a few thoughts on addiction: a short term strategy for happiness

addiction is the ingrained habit of feeding off of something again and again, seeking relief from stress and suffering.
  • the addictive part comes because the peace of mind our addictions bring, while intense, don't last very long. yet we seek the short term relief over and over and over, not understanding that long term relief is possible.
  • we develop tolerances to our addictions (alcohol, drugs, money, sex) and need more and more to give us the relief
  • addictions have side effects or drawbacks.
  • addictions often require antisocial actions to regain access to the stuff we're craving. these actions come at the expense of relationships, careers, etc.
so addictions are a strategy for peace of mind, no matter how short the duration.

our addicitons are ways to stop ourselves from experiencing what we're thinking, feeling, experincing physically. Addiction is self-medication or self-diagnostic. A way to address an underlying condition. People don't become addicted when they have underlying peace of mind.

generally this underlying condition has a root in one's spiritual outlook, obsessive thoughts feeling alone and isolated, which triggers stress

what keeps us addicted is that we haven't discovered other ways to gain reliable happiness, nor have we experienced that the underlying stress that causes us to use will pass.
much of what undermines discovering new strategies is a lack of belief or saddha.
its a lack of experience and a lack of wisdom a lack of imagination.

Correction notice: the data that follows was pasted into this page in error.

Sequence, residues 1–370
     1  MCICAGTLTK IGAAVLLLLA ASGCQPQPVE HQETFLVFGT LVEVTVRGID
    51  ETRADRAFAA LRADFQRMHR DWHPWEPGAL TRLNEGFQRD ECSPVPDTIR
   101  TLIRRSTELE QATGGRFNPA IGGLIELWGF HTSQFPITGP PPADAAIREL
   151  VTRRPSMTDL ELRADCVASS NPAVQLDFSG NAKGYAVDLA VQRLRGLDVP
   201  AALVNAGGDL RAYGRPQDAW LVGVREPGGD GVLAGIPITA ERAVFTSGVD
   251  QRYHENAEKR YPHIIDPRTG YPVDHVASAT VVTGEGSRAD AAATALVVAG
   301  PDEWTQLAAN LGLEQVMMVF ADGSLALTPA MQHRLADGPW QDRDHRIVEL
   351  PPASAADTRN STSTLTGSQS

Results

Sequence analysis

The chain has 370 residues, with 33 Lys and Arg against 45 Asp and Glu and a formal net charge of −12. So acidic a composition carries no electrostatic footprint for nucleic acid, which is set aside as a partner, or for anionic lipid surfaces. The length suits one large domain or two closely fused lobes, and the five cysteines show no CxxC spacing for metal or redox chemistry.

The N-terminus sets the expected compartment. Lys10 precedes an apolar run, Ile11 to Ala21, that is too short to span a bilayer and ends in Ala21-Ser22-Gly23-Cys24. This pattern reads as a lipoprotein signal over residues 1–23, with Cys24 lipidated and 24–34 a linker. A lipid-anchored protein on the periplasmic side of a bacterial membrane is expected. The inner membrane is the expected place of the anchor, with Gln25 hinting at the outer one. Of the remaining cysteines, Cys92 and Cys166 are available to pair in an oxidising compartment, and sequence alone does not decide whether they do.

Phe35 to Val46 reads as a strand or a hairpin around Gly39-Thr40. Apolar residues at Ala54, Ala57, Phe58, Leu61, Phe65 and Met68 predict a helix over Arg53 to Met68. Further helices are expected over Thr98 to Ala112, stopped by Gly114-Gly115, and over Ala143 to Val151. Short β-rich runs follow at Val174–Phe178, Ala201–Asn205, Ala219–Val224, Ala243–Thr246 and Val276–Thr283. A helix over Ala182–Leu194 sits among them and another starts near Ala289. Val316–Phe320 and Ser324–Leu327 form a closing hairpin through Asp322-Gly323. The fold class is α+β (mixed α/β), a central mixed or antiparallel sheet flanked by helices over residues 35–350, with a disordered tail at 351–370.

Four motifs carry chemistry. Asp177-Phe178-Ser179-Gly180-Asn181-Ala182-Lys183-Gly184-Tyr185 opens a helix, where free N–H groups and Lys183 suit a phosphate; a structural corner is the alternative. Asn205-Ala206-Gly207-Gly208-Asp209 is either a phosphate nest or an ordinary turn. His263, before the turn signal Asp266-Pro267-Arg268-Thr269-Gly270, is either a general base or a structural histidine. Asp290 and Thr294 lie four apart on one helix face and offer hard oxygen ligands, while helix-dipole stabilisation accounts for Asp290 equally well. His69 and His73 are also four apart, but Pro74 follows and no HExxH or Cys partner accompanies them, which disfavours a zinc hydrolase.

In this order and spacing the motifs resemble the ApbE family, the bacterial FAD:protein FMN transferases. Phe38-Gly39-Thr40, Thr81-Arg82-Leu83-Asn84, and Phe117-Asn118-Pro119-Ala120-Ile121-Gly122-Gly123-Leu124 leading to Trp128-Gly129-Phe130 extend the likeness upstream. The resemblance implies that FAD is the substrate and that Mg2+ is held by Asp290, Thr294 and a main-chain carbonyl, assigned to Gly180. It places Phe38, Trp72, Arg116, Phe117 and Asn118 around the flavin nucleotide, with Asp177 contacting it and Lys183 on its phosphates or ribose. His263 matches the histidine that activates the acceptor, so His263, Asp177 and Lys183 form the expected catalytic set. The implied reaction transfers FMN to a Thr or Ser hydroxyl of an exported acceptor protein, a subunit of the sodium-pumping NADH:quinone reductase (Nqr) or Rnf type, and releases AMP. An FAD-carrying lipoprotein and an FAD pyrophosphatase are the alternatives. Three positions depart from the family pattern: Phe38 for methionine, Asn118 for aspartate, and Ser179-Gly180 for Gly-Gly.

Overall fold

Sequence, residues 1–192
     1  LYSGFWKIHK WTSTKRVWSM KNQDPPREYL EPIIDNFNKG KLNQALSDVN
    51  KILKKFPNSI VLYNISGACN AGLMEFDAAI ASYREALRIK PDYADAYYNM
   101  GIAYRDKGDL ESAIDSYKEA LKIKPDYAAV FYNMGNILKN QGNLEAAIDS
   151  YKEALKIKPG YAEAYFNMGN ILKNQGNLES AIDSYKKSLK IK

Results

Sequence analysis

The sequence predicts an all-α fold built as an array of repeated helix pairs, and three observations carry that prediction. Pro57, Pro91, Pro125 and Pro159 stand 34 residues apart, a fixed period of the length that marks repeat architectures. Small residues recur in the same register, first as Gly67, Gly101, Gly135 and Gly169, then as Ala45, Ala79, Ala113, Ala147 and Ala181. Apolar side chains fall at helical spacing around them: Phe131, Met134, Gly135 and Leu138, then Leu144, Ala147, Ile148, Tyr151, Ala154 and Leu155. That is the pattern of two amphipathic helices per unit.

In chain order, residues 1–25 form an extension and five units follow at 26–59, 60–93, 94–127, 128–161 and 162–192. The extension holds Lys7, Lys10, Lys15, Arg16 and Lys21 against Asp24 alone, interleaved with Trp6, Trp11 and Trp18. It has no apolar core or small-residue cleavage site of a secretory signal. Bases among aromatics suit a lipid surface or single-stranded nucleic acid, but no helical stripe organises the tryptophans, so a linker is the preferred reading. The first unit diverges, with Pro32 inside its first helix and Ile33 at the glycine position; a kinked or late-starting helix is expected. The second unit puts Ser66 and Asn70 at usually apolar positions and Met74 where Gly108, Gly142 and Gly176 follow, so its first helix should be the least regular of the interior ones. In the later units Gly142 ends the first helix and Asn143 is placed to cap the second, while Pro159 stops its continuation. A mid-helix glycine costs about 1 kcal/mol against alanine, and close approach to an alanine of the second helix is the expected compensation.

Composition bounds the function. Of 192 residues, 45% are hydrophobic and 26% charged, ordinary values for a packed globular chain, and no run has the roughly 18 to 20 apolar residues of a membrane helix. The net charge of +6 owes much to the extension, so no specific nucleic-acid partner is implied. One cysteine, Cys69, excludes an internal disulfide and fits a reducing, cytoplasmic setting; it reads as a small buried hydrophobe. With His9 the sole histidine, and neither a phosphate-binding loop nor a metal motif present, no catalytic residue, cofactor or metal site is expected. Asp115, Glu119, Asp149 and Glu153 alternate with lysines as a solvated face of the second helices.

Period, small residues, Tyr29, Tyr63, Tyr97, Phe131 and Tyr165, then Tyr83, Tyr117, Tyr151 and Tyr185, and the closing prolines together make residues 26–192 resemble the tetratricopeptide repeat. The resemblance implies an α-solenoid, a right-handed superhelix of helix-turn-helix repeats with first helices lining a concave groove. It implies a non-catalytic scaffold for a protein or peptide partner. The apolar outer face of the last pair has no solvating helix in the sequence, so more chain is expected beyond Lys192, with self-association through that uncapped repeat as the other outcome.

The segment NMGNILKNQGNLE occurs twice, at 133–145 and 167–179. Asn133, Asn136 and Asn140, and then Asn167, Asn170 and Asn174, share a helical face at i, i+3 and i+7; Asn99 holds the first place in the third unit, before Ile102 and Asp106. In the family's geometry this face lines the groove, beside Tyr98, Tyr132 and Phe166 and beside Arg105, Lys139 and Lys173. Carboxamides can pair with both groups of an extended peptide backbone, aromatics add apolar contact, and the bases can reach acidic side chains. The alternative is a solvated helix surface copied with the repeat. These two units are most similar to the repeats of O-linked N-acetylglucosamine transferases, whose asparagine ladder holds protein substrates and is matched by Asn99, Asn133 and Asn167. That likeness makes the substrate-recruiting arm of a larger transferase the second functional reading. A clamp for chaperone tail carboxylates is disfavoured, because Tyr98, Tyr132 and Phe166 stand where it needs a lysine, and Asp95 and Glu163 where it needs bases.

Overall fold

clinically, we want to change our experience in two ways
1) to soothe, calm and
2) to thrill. also, there are external events that trigger craving.
drugs, alocohol, sex, shopping, gambing, careers/work, exercise, relationships, all these activity channels can provide us with ways out of our thinking.

(put aside neuroscience brings to the table the discovery of underlying physical conditions that demonstrate clearly that addiction is at least partially determined by one's neural/physical traits.)

A.A. emphasizes that addiction is a physical, mental and spiritual disease, and the addict cannot begin recovery without a spiritual awakening, wherein new choices become possible.

Buddha's teaching precedes these findings by thousands of years, anticipating many of their breakthroughs:

  • one has to experience the ending of stress through other means. no intellectual understanding alone will solve the problem, as so much of it is predicated on feeling.
  • Like A.A. the buddha understood that addiction was multiform (physical stress, obsessive thoughts, self-centered fears and doubt), that the "run of the mill" sufferer had no hope without the spiritual, non-material aid.
  • the buddha taught that we have triggers , which he described in the chain of dependent co-arising
  • like A.A. the buddha taught that all recovery requires being around and sharing with other spiritual practitioners. we are too influenced by our external circumstances at first to have any chance on our own.
  • our ingrained habits, anusayas and drives, asavas, kick up addiction without seeming reason (broken shoe laces)
comprehend suffering behind addiction.